When Must a Defendant Redo its ESI Production?
Our last post reviewed the disagreement over the “Concordance Load File Stipulation” that the parties entered into in the case EEOC v. SVT, LLC d/b/a Ultra Foods, Cause No. 2:13-CV-245-RLM-PRC (N.D. Ind. April 10, 2014). Despite the agreement with Plaintiff that the load file production would be tendered in native format, Defendants failed to produce load files and failed to produce the documents in native formatting. In fact, the production was neither in the agreed-upon native formatting nor the manner in which it was kept in the usual course of business.
Defendant argued (after it was tendered) that the ESI in such formatting was not “reasonably accessible because of undue burden or cost” under Rule 26(b)(2)(B). Defendant also justified its production by claiming it did not have the necessary programs to comply with the request or stipulation (the court helpfully pointed out that such a claim was without evidentiary support.) Here’s the court’s analysis:
1. Under Rule 34(b)(1)(C), Plaintiff is entitled to have filed in form specified. In this case, it was native files and near-native files.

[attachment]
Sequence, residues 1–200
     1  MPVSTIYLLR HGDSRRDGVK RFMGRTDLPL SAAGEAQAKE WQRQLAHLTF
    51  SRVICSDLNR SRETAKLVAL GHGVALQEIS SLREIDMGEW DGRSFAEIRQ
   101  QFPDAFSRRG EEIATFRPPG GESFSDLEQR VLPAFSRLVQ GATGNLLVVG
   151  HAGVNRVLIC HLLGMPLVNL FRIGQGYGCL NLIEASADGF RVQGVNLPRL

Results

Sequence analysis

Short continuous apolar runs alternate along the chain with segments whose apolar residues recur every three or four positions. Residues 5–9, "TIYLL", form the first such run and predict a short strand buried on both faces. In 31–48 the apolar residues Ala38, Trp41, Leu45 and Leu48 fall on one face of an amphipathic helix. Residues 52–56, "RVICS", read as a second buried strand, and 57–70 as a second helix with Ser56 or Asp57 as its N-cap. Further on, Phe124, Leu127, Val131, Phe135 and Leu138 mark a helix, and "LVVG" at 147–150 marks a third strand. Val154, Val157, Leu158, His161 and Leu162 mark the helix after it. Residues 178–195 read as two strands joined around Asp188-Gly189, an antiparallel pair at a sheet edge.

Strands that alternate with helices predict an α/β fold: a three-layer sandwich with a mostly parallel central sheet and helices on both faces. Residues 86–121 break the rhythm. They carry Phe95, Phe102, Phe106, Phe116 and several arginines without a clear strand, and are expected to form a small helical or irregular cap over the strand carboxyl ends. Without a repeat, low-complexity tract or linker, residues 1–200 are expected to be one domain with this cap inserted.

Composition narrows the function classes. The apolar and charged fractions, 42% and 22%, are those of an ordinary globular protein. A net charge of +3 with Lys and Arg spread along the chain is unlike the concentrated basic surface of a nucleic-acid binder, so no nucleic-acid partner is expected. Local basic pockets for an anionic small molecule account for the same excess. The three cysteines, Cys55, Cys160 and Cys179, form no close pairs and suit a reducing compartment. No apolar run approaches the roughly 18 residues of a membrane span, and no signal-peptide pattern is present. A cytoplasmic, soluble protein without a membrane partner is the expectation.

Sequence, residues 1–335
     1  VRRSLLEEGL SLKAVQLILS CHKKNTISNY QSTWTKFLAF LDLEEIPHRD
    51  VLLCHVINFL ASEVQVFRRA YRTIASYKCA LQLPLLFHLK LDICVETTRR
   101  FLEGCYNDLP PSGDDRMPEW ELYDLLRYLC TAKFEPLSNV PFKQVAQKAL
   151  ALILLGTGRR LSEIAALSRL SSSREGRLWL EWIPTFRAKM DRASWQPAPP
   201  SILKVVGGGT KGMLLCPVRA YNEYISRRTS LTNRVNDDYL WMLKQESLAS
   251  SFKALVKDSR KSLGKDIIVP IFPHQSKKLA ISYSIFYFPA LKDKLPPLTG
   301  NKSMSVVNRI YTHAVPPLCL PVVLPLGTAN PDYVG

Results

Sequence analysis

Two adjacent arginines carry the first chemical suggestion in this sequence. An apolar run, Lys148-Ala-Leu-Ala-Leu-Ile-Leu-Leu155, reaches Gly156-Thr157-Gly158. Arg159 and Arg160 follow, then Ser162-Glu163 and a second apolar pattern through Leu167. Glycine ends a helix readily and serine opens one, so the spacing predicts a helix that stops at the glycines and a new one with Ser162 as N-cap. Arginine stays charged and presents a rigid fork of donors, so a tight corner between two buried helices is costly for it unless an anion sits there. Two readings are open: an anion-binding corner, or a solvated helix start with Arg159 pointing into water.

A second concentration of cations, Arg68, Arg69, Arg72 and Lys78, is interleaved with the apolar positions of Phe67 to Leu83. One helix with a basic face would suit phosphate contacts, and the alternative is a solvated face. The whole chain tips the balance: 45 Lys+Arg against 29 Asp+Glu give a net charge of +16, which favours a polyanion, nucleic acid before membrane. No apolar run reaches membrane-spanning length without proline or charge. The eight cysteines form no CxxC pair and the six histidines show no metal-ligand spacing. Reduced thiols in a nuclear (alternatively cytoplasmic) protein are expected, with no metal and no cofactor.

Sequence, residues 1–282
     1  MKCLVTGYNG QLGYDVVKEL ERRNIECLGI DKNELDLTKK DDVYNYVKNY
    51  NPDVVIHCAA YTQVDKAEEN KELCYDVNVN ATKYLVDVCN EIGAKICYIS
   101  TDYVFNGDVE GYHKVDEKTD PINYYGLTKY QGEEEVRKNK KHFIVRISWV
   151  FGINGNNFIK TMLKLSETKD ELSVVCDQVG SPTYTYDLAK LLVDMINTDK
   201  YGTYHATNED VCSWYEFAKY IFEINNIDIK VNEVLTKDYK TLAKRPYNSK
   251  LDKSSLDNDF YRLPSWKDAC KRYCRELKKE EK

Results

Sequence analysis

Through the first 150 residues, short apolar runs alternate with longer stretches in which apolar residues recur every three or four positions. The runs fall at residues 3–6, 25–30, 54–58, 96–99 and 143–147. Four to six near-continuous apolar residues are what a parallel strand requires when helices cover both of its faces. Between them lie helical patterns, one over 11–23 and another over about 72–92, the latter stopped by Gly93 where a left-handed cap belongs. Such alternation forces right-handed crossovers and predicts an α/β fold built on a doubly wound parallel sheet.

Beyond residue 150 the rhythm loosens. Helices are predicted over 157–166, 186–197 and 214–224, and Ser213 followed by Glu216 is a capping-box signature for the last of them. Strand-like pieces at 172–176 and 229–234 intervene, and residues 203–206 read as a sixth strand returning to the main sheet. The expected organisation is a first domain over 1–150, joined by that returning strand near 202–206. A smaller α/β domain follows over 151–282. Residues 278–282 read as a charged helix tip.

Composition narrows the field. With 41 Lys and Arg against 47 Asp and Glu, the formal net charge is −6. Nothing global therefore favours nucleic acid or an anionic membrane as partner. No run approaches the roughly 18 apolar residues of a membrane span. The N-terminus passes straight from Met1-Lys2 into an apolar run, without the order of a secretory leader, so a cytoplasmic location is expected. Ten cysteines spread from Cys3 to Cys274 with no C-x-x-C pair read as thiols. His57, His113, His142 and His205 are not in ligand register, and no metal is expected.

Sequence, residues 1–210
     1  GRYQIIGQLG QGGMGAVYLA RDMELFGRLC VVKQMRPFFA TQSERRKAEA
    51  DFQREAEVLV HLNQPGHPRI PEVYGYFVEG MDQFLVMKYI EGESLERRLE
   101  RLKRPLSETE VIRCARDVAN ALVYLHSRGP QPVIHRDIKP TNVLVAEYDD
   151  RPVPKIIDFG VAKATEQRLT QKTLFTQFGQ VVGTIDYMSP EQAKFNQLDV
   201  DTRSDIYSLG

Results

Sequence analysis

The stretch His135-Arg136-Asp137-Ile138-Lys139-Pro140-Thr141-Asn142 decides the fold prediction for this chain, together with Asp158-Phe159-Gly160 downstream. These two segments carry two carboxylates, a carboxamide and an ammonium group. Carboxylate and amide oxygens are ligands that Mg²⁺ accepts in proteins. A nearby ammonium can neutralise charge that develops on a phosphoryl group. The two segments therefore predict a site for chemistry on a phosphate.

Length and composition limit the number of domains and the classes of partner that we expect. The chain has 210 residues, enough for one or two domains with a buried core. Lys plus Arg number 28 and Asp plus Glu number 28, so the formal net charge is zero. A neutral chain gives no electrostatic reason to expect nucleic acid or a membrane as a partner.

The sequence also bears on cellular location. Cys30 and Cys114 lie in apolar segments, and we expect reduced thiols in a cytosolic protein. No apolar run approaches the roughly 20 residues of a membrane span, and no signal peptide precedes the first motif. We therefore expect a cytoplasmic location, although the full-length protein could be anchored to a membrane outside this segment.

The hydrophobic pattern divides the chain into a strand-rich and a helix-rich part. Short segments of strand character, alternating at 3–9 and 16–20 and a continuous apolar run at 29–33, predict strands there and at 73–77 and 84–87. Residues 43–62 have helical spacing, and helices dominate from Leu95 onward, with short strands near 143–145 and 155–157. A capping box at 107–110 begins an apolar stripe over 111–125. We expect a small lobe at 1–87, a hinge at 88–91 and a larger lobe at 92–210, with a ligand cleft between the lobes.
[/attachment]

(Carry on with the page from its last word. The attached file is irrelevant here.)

2. The electronic data was under control of Defendant within the meaning of Rule 34 (even though the data was housed elsewhere) because they had a right to obtain the documents.
3. The court found Defendant did not meet its burden under Rule 26(b)(2)(B) to show the documents were not reasonably accessible to avoid re-doing the production or cost-shifting. The court noted that Defendant should have objected or sought a protective order if it could not comply with “Concordance Load File Stipulation” that governed the ESI production. A party that responds with a production in the formatting of its choice, and not identifying that form in advance as required in Rule 34(b), runs the risk of having to re-do the production. The court also noted that Defendant requested and received three extensions to produce the data, and yet not once did Defendant claim an objection to the formatting.
The court found that Plaintiff was entitled to ESI fully searchable and ordered that Plaintiff’s internal computer forensic expert explain to the Defendant the deficiencies and the options to properly deliver the data. The parties were also ordered to conduct an additional meet and confer and file a joint status report.
Did You Know: According to a recent study, 17 percent of Americans create a new email address every 6 months.